➢ Chapter 26. The Great West and the Agricultural Revolution, 1865-1896.
Theme 1: After the Civil War, whites overcame the Plains Indians’ fierce resistance and settled the Great West, bringing to a close the long frontier phase of American history.
Theme 2: The farmers who populated the West found themselves the victims of an economic revolution in agriculture. Trapped in a permanent debtor dependency, in the 1880s they finally turned to political action to protest their condition. Their efforts culminated in the Populist Party’s attempt to create an interracial farmer/labor coalition in the 1890s, but William Jennings Bryan’s defeat in the pivotal election of 1896 signaled the triumph of urbanism and the middle class.
I. Summary for Chapter.
Read this section as you are reading the text, as these are the main ideas and concepts of the reading. It is also very important to look over all text inserts, cartoons, pictures, maps, charts etc. that are in the reading. (33 pgs)
1. At the close of the Civil War, the Great Plains and Mountain West were still occupied by Indians who hunted buffalo on horseback and fiercely resisted white encroachment on their land and way of life. But as the whites’ livestock grazed the prairies and diseases undercut Indian strength and numbers, a cycle of environmental destruction and intertribal warfare soon threatened Native Americans’ existence. The federal government combined a misconceived “treaty” program with intermittent warfare to force the Indians into largely barren reservations.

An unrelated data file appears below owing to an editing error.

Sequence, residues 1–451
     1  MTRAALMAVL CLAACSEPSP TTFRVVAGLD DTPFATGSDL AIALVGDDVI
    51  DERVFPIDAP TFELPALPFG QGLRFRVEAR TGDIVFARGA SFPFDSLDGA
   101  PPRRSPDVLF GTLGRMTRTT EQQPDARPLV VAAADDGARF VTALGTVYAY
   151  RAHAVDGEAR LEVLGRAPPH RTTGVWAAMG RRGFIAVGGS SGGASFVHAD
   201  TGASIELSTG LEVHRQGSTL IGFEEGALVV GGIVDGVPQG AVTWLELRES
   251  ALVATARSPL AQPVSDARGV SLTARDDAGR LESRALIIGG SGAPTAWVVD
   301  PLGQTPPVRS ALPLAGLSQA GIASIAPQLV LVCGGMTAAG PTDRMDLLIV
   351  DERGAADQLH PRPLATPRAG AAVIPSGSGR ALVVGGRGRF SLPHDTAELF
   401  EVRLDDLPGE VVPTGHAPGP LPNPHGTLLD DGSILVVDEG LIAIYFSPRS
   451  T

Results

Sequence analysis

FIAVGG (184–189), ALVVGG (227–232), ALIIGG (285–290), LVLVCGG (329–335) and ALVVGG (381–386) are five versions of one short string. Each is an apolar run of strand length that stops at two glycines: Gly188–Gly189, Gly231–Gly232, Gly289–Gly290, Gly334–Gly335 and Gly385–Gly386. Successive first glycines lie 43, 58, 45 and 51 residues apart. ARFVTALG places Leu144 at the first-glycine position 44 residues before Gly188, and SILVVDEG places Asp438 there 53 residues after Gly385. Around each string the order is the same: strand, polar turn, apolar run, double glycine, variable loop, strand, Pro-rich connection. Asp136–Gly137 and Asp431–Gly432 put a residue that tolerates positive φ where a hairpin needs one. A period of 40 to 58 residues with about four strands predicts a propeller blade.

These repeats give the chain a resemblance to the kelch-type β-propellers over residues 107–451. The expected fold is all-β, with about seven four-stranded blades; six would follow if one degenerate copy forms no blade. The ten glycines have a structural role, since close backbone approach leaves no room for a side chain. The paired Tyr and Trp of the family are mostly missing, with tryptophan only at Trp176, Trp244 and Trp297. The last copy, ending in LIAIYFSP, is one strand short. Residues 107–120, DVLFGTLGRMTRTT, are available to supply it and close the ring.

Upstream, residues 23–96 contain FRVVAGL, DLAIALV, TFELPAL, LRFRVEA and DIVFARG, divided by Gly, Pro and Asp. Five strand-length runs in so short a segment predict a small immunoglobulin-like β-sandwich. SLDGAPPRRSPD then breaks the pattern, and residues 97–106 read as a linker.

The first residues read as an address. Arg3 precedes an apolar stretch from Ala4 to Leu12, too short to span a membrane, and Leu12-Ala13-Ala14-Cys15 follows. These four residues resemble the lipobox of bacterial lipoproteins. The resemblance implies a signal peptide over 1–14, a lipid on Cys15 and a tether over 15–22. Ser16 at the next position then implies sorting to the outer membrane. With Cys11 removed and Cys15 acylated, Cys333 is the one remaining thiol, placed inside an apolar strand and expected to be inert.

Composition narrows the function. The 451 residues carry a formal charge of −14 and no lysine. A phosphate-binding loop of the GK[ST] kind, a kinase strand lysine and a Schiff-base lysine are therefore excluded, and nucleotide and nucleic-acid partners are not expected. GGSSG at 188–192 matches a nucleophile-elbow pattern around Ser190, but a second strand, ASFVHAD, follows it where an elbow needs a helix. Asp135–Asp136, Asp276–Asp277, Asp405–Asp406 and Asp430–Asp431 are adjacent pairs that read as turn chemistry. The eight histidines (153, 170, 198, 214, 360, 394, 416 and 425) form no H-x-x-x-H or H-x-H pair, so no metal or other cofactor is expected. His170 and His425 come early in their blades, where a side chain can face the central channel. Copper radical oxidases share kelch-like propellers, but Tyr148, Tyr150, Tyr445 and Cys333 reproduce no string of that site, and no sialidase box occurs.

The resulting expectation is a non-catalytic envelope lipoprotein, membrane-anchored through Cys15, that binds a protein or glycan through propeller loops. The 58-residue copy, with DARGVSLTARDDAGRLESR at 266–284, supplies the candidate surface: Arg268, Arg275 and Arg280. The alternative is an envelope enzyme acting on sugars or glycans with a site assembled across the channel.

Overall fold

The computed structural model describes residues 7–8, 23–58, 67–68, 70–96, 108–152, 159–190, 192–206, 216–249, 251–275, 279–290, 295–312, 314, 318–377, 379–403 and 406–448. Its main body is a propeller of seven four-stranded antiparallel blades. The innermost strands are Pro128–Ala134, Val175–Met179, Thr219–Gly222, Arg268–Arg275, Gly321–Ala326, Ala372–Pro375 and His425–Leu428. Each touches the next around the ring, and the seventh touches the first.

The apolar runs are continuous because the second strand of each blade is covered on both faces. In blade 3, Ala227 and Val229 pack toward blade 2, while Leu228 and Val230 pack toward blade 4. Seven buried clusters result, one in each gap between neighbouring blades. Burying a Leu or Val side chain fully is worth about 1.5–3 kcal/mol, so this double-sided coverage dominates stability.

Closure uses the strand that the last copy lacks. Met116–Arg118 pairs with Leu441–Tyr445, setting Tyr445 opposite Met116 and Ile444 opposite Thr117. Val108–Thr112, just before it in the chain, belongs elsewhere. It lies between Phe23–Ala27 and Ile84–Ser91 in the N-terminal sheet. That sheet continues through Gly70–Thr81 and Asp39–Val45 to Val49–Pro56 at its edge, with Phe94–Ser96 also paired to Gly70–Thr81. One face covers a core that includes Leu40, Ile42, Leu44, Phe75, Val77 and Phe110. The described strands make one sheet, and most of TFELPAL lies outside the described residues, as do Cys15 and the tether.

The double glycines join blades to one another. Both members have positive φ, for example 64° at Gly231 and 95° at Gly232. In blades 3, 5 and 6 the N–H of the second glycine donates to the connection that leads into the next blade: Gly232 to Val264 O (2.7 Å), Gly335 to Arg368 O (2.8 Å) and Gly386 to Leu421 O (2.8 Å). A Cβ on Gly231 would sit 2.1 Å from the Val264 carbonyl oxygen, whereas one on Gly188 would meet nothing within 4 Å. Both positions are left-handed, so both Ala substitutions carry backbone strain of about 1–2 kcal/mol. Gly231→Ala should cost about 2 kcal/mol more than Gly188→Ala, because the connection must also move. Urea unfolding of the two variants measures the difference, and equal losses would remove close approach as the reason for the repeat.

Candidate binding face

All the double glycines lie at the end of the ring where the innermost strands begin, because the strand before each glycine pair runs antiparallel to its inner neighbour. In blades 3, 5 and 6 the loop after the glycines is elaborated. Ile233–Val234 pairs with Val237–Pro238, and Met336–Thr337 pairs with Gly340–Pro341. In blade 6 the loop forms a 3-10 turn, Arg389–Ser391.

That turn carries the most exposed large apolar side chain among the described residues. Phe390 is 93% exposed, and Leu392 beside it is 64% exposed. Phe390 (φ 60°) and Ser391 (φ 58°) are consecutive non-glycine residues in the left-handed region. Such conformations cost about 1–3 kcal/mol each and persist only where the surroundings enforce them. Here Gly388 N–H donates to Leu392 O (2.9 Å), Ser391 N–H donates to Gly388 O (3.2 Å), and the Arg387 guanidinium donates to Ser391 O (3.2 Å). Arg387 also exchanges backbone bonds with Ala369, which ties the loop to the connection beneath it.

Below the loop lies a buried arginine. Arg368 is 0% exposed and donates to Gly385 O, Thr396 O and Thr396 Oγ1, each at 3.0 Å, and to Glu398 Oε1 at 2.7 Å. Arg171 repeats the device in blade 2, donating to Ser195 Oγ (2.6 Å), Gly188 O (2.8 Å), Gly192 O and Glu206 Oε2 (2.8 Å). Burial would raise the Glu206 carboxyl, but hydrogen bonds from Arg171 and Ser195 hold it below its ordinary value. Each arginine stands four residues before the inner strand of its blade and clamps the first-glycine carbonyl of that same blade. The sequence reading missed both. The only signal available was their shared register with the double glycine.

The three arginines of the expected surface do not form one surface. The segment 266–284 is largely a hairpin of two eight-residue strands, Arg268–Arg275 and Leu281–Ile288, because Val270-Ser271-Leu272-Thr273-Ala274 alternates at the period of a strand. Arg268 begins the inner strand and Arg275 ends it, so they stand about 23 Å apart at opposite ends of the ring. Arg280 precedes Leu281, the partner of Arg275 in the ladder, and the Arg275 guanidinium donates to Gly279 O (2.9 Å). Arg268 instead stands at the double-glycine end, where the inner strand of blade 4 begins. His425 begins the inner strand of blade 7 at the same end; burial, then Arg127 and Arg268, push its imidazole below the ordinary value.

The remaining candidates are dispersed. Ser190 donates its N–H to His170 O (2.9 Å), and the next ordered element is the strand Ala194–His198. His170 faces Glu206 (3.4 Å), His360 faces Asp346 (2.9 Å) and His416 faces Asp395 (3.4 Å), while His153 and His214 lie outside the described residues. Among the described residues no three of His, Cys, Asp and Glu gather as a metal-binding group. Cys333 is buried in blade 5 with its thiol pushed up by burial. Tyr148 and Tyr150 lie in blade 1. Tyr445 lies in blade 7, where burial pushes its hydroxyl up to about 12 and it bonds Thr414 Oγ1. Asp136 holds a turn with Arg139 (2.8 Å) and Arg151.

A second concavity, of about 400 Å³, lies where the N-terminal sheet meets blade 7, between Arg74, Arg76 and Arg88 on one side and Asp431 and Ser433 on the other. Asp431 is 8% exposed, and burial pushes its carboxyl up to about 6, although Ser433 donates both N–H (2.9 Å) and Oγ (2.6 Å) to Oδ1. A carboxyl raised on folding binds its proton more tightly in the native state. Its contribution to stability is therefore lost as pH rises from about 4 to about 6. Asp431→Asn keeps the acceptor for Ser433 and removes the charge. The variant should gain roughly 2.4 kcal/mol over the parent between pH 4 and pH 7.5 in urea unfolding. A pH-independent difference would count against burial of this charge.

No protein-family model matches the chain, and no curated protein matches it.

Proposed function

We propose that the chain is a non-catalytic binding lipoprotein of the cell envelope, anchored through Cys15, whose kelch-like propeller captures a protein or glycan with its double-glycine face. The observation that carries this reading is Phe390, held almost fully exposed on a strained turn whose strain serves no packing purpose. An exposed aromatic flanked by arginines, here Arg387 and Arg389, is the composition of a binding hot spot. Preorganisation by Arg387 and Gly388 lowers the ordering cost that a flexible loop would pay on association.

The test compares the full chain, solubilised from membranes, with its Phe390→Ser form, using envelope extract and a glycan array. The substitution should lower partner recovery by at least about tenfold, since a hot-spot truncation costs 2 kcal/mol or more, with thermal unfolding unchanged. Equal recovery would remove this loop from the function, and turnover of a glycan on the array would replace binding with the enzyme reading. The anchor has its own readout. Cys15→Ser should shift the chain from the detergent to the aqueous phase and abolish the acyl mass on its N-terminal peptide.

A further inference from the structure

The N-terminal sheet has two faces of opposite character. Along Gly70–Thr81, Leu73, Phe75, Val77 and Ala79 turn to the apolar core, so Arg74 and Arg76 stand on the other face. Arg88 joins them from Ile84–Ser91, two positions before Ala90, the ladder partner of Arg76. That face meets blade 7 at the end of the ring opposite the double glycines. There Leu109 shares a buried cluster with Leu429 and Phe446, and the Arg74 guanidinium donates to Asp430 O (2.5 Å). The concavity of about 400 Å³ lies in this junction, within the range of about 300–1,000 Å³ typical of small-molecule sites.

2. Attempting to coerce Indians into adopting white ways, the government passed the Dawes Act, which eliminated tribal ownership of land while often insensitive “humanitarians” created a network of Indian boarding schools that further assaulted traditional Native American culture.
3. The mining and cattle frontiers created colorful chapters in western history. Farmers carried out the final phase of settlement, lured by free homesteads, railroads, and irrigation. The census declared the end of the frontier in 1890, concluding a formative phase of American history. The frontier was less a “safety valve” than many believed, but the growth of cities actually made the West the most urbanized region of the United States by the 1890s.
4. Beginning in the 1870s, farmers began pushing into the treeless prairies beyond the 100th meridian, using the techniques of dry farming that gradually contributed to soil loss. Irrigation projects, later financed by the federal government, allowed specialized farming in many areas of the arid West, including California. The “closing” of the frontier in 1890 signified the end of traditional westward expansion, but the Great West remained a unique social and environmental region.
5. As the farmers opened vast new lands, agriculture was becoming a mechanized business dependent on specialized production and international markets. Once declining prices and other woes doomed the farmers to permanent debt and dependency, they began to protest their lot, first through the Grange and then through Farmers’ Alliances, the prelude to the People’s (Populist) party.
6. The major depression of the 1890s accelerated farmer and labor strikes and unrest, leading to a growing sense of class conflict. In 1896 pro-silverite William Jennings Bryan captured the Democratic Party’s nomination, and led a fervent campaign against the “goldbug” Republicans and their candidate William McKinley. McKinley’s success in winning urban workers away from Bryan proved a turning point in American politics, signaling the triumph of the city, the middle class, and a new party system that turned away from monetary issues...